July 2007
On the Edge of Common Sense

Cows and Goats

by Baxter Black, DVM

Vicki asked if I’d ever run any goats. None, I said. We don’t have the right fence. Matter of fact, in Arizona we work on one of the lower investment management principles, the "illusion of a fence."

It seems to work well on my cows. I inherited lots of old fence and corrals along with the cows I bought. Cows walk up to a two-strand barbed wire fence with one willer stay and then confer, "Whoa back, Bessie, I believe this is our perimeter. We can not advance further!"

"What ya’ mean we can’t advance further! We could walk under that water gap carrying the Mexican flag and juggling avocados."

"No, no Bessie, not here in Arizona. If it looks like a fence, it is one. Therefore, we can’t go through it."

"Well, if you say so, but back in Wyoming, this here fence wouldn’t even cause a bevy of tumbleweeds to break their step!"

If a goat were overhearing this conversation, he would be dumbfounded!

In San Angelo the country is covered with miles and miles of net wire fence. It’s tight, with good posts and is well maintained. It is necessary because as they say, "A goat can go anywhere coal oil can!"

I guess my cows lack ingenuity. They will eat mesquite beans out of a tree head high, but no higher. A goat will stand on his hind legs and graze. I can’t ever remember my cows standing upright or even placing their front feet on the cow in front of them to reach higher. You’d have thought that somewhere in the evolution of the cow, a bull in breeding season would have noticed that there are times in his daily routine when he is actually 3 feet taller! But apparently he’s too occupied to look around.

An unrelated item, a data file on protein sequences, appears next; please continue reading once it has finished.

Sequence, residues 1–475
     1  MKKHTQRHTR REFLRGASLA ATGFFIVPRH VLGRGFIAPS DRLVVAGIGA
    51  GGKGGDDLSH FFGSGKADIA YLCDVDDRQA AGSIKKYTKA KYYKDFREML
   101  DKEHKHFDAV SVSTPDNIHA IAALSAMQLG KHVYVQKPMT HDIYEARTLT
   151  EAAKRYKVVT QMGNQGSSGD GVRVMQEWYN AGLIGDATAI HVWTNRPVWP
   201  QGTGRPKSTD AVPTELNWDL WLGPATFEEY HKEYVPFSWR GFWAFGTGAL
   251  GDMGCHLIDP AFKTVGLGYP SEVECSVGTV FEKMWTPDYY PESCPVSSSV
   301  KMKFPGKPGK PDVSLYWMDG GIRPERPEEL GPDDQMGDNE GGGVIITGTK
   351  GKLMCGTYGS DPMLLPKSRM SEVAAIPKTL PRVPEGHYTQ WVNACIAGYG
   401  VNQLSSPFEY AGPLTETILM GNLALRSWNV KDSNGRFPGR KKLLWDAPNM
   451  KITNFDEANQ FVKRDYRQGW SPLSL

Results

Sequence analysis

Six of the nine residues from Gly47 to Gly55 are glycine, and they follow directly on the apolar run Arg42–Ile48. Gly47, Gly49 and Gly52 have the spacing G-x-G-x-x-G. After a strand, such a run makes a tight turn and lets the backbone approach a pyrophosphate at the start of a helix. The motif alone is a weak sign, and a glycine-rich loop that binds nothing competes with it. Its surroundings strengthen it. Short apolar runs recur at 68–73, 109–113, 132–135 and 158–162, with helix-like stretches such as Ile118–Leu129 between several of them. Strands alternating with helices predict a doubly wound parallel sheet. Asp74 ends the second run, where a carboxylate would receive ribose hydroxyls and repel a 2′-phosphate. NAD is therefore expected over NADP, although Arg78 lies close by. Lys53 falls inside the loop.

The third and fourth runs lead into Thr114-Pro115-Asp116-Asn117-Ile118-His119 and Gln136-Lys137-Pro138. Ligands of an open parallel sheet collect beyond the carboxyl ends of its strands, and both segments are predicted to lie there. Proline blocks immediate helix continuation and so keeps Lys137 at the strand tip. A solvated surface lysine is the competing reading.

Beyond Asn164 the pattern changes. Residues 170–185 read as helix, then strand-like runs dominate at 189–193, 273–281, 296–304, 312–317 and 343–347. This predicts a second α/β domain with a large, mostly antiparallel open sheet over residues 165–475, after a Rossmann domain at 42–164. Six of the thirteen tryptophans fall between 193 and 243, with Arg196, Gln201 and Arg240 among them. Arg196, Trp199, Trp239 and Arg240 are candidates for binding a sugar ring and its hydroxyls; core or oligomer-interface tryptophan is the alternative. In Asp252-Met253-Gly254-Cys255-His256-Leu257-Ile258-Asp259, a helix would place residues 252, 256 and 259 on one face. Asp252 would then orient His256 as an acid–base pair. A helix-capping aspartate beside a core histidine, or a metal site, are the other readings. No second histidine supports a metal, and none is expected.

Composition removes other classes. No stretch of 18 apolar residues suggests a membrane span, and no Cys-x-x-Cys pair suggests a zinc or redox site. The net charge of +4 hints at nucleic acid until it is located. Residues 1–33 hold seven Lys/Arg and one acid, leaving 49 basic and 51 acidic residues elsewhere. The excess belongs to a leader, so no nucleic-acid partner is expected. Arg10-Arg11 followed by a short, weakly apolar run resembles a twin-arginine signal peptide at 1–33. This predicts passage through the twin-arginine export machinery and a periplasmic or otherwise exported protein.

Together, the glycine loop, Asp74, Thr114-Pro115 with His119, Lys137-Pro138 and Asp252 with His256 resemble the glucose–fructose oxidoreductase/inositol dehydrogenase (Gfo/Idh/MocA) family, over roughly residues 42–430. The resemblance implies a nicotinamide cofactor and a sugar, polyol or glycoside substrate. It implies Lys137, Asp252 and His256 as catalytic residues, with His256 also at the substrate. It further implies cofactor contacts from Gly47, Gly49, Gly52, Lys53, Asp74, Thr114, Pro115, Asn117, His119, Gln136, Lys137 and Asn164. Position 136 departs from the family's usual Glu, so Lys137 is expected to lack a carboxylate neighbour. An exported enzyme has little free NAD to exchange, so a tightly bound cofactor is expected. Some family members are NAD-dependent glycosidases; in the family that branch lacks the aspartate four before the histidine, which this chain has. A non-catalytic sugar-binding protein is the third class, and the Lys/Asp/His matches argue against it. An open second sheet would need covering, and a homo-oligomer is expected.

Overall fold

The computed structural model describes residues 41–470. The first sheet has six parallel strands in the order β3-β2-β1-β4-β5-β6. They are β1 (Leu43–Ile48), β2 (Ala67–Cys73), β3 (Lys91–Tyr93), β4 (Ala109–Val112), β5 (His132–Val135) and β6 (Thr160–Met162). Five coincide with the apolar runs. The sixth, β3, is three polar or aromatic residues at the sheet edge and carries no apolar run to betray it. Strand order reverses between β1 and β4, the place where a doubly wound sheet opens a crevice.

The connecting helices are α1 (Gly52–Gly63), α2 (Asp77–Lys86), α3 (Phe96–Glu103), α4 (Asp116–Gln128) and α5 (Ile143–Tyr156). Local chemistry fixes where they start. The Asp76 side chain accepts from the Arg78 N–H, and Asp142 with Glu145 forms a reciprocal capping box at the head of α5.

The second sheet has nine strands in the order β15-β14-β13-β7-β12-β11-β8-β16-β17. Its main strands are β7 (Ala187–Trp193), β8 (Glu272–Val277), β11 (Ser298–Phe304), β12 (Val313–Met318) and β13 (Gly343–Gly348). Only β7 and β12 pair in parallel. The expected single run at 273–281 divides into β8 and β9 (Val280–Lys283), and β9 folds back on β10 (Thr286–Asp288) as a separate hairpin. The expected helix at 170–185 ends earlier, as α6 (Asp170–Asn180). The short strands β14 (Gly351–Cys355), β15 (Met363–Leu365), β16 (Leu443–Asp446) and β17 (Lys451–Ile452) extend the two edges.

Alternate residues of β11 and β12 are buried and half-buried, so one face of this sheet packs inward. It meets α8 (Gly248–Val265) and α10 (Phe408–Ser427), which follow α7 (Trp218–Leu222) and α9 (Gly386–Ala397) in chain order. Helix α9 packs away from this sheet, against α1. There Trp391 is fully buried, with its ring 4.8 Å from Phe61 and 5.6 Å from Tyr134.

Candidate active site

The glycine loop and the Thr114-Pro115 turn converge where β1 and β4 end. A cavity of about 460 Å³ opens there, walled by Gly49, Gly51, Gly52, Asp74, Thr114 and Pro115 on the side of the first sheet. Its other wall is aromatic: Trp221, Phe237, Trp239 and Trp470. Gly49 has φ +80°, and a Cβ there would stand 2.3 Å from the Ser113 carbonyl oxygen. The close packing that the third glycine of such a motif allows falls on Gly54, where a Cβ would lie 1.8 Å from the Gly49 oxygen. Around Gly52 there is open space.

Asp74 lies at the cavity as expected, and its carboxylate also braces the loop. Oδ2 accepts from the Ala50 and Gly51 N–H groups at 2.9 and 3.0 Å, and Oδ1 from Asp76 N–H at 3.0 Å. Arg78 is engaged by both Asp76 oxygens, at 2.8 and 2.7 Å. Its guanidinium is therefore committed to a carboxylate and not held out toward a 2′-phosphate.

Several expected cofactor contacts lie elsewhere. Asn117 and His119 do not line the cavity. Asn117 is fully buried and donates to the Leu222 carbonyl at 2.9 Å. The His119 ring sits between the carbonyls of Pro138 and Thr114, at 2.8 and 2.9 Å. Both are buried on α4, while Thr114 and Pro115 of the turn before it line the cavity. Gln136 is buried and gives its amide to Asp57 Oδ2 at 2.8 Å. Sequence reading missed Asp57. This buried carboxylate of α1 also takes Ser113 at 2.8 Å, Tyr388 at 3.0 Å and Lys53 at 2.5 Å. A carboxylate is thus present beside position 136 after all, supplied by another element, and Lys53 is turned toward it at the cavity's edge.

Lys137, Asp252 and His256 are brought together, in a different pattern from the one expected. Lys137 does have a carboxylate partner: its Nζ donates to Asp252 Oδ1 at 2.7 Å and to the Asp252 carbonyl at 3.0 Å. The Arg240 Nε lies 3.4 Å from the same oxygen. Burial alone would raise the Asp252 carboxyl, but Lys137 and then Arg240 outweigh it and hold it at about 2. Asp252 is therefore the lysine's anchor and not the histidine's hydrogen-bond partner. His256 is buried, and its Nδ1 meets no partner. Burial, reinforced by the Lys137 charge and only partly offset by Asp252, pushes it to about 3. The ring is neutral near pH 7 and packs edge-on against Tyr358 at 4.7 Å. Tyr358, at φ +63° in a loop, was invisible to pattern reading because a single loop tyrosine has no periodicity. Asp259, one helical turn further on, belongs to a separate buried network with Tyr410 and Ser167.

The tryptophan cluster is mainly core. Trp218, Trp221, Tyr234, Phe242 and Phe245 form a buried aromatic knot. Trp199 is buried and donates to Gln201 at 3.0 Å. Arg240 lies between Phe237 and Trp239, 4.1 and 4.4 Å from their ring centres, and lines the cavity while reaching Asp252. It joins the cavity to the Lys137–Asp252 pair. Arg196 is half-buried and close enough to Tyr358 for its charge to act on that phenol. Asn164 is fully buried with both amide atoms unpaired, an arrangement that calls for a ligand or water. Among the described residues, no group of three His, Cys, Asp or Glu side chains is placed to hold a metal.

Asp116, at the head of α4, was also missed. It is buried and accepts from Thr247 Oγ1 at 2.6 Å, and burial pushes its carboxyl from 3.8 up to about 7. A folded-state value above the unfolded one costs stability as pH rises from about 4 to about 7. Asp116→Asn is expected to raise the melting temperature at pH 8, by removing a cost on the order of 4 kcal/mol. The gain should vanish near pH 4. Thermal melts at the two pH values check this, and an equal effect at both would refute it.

Now that I’m thinking about it, why not therapeutic high-heeled insteps for cows! Each hoof could be fitted with 3-4 inch cloven cow shoes. It would increase their available mesquite bean forage by 4 feet (48 inches divided by 4 inches equals a 12% increase!)

I discussed this with a group of local goats who agreed on the cows’ inability to improvise. "They are so bovine, so dense, so plodding," said the Secretary of Goats. "They are stopped by chicken wire and ocotillo sticks. I’ve never seen anything like it. My gosh, they don’t even have prehensile lips!

"…And about your idea of wearing artificial shoes to make cows taller, don’t even think about it for us. Before we’d wear special goat shoes, we’d learn to climb trees, develop the opposable thumb and become computer literate. We could do it too! Lesser species of animals have. Just look at you!"

I stared back at the goat, overwhelmed by his logic, switched my cud to the other side and commenced to meditate.

Baxter Black is a former large animal veterinarian who can be followed nationwide through this column, National Public Radio, public appearances, television and also through his books, cds, videos and website, www.baxterblack.com.